Dragon Pet Door For Doors - Installation Instructions
- Flap and Frame Assembly
- 4 Long Frame Screws - 2 ¼" long 10-24 machine screws
- 4 Short Frame Screws - 1 ¾" long 10-24 machine screws
- 4 Frame Nuts - serrated flange 10-24 hex nuts
- 4 Frame Washers - steel 9/16" washers
- 1 Locking Cover - rectangular sheet with a hole near the top
Required Tools: Phillips screwdriver, electric drill, 5/16” or 3/8“ drill bit, jigsaw, painter’s tape, pencil.
Optional Tools: Flathead screwdriver, 3/8” socket or wrench, pliers.
MAKE THE ROUGH CUTOUT
Step 1: If possible, remove the door from its hinges using a flathead screwdriver and hammer to tap out the hinge pins. Lay the door flat for installation. Tape these instructions (they double as a template) to the door where you want to install, this face up.
a. The top edge of the template should be at least 1 ¼” (3,2 cm) above the dog’s shoulders.
b. The bottom edge of the template should be at least 3" from the bottom of the door to maintain the door’s strength. Level the top edge of the cut-out line.
c. Level the top edge.
Step 2: Mark the physical outline of this template with a sharp pencil. Remove this template from the door. With a 5/16th (8mm) or or 3/8” (9,5 mm) drill bit, 5/16” preferred, drill through the corners of the outline with the tip of the bit directly on the outline’s corners. Make sure your drill is kept level and that it drills all the way through the door.
Step 3: Place your jigsaw into the holes and cut along the lines you drew in Step 3. You should be making a rectangle connecting the center of each of the holes. Cut as straight as possible; aim to not deviate more than 1/8” from the line on either side.
INSTALL THE DRAGON PET DOOR
If you have a single flap unit, the frame with the flaps installed goes on the inside of your house. If you have a double flap, it does not matter which one goes on the inside or which goes on the outside of your house.
Step 4: Test fit the frame tunnels.
a. Lay the inside frame face down on the floor.
b. Fit the outside frame into the inside frame by first placing the bottom of the outside frame’s tunnel into the bottom-left slot of the inside frame’s tunnel. Next, place the right side of the outside frame’s tunnel into the top-right slot of the inside frame’s tunnel (pictures below show the slots and frame orientation).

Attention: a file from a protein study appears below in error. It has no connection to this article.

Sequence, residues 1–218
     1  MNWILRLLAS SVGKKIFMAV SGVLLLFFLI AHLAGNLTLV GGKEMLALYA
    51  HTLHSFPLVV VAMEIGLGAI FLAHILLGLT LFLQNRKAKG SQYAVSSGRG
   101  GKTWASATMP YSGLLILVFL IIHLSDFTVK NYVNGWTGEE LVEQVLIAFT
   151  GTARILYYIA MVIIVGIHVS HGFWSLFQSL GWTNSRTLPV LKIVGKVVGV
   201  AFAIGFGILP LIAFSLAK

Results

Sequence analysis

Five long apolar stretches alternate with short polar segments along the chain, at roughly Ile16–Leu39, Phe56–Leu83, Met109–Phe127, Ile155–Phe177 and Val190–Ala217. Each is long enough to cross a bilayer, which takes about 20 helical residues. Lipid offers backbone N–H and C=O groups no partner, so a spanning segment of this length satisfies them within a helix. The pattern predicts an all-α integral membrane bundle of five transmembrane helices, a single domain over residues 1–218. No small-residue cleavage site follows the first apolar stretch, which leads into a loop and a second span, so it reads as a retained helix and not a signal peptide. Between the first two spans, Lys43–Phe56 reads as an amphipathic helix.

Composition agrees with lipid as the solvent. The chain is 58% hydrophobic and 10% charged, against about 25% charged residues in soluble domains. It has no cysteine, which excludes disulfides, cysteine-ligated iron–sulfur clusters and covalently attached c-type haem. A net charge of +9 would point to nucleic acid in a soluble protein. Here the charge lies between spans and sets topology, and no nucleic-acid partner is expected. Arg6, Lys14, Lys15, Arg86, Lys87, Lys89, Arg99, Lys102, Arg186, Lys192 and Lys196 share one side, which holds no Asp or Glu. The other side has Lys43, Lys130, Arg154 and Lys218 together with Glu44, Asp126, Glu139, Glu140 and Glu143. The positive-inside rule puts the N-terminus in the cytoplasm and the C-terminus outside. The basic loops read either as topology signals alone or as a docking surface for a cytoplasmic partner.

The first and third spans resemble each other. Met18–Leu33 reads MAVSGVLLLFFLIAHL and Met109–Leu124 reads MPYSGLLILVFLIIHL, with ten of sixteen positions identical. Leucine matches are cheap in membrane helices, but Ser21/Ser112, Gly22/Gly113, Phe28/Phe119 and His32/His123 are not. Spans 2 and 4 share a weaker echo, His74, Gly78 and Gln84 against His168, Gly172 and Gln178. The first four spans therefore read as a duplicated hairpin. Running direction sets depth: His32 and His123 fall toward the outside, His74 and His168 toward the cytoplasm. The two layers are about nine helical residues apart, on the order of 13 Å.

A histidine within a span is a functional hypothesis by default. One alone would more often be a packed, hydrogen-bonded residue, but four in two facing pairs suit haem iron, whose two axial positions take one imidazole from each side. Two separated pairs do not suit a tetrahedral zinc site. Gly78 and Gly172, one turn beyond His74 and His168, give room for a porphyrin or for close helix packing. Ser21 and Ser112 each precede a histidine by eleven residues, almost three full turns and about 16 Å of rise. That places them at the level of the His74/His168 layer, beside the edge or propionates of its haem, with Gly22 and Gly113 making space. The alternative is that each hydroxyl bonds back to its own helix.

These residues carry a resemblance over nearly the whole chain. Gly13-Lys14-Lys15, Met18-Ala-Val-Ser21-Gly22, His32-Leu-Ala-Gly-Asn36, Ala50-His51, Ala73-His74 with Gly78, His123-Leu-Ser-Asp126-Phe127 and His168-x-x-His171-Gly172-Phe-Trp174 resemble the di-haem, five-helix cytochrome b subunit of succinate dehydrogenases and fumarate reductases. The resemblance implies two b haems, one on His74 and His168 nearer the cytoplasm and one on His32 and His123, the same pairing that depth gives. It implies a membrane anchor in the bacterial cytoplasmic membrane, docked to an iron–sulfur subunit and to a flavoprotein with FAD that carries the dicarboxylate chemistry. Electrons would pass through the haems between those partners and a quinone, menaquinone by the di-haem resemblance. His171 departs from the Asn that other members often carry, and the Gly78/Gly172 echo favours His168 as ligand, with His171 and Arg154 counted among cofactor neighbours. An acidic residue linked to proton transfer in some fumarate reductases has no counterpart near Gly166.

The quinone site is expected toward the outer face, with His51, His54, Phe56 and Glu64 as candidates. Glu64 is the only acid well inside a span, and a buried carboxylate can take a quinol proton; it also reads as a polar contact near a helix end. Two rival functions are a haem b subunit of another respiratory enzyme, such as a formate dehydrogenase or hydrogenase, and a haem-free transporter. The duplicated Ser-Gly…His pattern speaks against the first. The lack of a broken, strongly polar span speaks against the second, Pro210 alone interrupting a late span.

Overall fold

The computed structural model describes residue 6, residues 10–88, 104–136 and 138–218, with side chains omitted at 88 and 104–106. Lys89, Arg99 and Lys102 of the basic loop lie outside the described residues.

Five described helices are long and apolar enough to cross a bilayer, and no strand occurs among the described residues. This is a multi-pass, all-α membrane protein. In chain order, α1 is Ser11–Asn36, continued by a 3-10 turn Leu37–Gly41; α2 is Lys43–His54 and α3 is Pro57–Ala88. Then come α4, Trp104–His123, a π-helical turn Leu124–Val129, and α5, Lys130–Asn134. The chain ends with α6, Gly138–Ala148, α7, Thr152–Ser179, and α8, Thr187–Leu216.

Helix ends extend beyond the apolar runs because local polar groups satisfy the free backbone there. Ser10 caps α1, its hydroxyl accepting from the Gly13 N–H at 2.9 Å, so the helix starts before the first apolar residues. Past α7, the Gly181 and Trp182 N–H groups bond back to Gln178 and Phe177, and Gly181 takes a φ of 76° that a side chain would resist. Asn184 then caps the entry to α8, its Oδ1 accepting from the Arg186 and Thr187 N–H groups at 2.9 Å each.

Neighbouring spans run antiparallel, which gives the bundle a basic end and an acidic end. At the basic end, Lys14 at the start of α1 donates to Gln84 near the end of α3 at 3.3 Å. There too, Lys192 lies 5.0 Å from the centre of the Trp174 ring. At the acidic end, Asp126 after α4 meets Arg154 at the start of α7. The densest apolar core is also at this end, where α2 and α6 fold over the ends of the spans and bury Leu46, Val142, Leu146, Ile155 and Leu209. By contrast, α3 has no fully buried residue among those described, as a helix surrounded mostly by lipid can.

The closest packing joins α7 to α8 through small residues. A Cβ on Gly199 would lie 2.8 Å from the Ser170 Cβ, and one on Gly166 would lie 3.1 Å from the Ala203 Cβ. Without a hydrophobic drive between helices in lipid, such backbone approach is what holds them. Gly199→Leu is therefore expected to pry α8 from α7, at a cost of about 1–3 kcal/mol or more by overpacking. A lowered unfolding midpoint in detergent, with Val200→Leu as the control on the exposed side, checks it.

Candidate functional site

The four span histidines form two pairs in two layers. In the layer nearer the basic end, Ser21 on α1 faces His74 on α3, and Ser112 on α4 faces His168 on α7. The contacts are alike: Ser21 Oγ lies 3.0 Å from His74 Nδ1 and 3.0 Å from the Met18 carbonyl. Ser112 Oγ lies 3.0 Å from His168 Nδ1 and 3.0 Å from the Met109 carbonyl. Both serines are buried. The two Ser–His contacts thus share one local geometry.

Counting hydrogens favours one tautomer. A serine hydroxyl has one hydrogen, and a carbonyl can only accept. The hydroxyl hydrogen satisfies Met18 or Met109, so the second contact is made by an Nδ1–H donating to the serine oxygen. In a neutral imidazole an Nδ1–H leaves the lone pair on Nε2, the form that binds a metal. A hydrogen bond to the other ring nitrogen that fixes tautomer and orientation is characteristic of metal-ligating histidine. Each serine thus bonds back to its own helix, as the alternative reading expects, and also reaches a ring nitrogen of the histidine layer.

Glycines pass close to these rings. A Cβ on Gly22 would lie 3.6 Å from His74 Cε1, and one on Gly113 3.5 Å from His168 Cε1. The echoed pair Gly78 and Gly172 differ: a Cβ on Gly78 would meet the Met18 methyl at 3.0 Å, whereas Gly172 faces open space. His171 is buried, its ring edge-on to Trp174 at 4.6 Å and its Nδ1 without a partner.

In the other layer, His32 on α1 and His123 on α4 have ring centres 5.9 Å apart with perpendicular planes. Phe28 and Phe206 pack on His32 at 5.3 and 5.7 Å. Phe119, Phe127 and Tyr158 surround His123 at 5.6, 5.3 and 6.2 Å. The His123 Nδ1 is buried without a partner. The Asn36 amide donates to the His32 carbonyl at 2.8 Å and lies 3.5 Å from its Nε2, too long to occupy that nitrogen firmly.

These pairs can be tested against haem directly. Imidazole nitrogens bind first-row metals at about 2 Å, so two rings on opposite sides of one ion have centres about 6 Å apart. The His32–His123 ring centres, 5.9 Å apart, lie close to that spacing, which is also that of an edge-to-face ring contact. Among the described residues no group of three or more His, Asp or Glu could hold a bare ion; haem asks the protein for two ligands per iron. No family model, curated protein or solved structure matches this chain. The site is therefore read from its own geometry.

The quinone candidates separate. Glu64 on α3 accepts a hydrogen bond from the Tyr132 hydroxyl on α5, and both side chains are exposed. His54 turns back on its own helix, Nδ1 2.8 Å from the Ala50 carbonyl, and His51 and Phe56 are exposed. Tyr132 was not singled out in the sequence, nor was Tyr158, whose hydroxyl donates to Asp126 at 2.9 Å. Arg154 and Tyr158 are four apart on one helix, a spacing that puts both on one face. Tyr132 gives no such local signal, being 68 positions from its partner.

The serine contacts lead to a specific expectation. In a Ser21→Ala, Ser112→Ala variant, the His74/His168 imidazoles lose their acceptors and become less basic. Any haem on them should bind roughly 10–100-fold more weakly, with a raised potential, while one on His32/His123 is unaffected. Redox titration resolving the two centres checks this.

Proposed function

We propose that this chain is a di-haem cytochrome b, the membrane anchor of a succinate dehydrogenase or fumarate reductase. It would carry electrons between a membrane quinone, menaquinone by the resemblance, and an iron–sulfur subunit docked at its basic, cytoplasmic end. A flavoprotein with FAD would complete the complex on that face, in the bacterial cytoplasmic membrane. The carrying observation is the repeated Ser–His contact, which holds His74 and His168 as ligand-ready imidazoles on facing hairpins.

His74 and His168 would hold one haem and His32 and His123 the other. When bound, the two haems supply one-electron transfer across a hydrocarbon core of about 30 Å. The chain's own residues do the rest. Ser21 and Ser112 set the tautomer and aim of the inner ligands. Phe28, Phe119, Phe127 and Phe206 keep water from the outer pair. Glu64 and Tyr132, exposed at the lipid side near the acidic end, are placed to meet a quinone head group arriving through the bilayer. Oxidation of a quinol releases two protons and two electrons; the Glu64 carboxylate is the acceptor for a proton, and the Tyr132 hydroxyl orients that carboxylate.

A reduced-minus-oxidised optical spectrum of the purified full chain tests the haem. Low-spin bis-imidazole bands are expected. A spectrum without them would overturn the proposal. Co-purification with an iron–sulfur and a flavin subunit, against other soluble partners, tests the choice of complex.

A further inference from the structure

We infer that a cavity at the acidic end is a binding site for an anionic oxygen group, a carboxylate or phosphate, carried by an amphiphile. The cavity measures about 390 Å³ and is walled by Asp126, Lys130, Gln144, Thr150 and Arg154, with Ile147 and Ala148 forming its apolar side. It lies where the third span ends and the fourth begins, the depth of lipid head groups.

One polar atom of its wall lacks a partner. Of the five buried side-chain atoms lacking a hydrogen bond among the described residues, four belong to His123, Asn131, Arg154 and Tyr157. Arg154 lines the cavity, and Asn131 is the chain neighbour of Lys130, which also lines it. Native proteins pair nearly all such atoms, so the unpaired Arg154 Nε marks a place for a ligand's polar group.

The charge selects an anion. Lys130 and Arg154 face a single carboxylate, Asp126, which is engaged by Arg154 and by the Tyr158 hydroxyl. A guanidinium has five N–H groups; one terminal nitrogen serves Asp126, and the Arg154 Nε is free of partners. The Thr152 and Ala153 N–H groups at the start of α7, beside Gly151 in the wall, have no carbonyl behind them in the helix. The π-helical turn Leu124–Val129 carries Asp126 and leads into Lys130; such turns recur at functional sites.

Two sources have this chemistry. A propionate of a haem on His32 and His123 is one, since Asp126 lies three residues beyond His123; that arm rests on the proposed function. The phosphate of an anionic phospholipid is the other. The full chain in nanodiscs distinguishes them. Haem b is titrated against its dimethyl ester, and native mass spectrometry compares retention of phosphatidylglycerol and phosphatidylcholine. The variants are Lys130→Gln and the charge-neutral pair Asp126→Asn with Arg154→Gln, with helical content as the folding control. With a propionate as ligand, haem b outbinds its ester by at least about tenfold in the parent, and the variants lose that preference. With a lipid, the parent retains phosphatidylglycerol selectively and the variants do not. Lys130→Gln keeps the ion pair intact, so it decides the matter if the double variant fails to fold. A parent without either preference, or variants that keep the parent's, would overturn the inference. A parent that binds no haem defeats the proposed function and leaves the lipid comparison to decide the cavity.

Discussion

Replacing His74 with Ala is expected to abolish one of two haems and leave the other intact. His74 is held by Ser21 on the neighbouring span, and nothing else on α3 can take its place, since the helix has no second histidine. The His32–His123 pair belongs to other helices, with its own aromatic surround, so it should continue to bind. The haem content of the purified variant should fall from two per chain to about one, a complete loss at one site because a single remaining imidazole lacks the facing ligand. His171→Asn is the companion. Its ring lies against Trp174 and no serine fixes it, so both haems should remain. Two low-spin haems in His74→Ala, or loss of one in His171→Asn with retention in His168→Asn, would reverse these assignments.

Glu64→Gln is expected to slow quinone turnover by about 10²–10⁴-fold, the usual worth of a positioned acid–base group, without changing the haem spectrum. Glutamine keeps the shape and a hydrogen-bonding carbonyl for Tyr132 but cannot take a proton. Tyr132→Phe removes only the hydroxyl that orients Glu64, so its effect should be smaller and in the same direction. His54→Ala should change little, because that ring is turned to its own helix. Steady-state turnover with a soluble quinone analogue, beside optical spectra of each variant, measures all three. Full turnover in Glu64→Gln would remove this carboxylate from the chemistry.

c. Remove the frames from each other once you are familiar with how they fit together.
Note: there is only one way that the frames fit together. If you need to force it then it is the wrong way.
Step 5: there is only one way that the frames fit together. If you need to force it then it is the wrong way.
a. At least one of the four locator posts (small posts extending from the bottom of the frame) should meet the bottom of the cutout, depending on the evenness of the cut.
Note: If the rough cutout is slightly too, you will need to raise the frame to avoid any gaps and the locator posts will no longer be on the bottom of the cutout.
b. Use painter's tape to temporarily hold the inside frame around the door. Place tape all around the frame, tightly adhering it to the frame.
c. Ensure that the screw holes in the frame are all visible through the cutout opening.
Step 6: Fit the outside frame into the inside frame like in step 4. You may need to hold the inside frame to keep it from being pushed out of the door.
a. Fit together until both frames are flush with the door. The locator posts of the outside frame do not have to be in contact with the rough cutout.
b. Use painter’s tape to temporarily hold the outside frame in the door.
c. If the frames fall out or move around too much while fitting them together, remove all tape and go back to the beginning of step 3.
Step 7: Fasten the frames to each other. Make sure to read through every part of this section before starting.
If your door is 1 ¾” thick, use the longer 2 ¼” screws provided. If it is 1 ⅜” thick, use the shorter 1 ¾” screws provided.
DO NOT overtighten screws. Tighten just enough for the frames to sit sturdily flush with the door.
a. Place a steel washer onto a frame screw (the 2 ¼” or 1 ¾” screws) and place into one of the four frame screw openings from the inside frame to the outside frame. The inside frame should have the screw head.
b. Thread a flanged nut onto the screw by hand, reaching through the frames or around the door. You do not need a washer under the nut. The nut should be on the outside frame. Tighten down with a Phillips-head screwdriver.
Note: For maximum ease, press the nut into the frame as you tighten it. This lets the serrations bite into the frame so you don’t have to grip the nut directly. If your nut spins around too much as you tighten despite the serrations, a ⅜” hex socket bit, thin wrench, pliers, or vice grips can be used to hold the nut.
c. Repeat for all four screws.
Step 8: At this point, there should be a washer visible on the inside frame and a nut visible on the outside frame at each of the four points.
a. Remove the tape holding the frames to the door.
b. If the frame positions need to be adjusted, loosen each of the screws without removing the nut, make the adjustments, and tighten back down. If necessary, you can use tape again to hold the frames in place while you tighten the screws.
c. Ensure the frames are flush with your door and are sturdy.
Step 9: With a silicone sealant of your choice, we recommend sealing any gaps on the corners of the inside of the frames, as well as anywhere the two frames meet.
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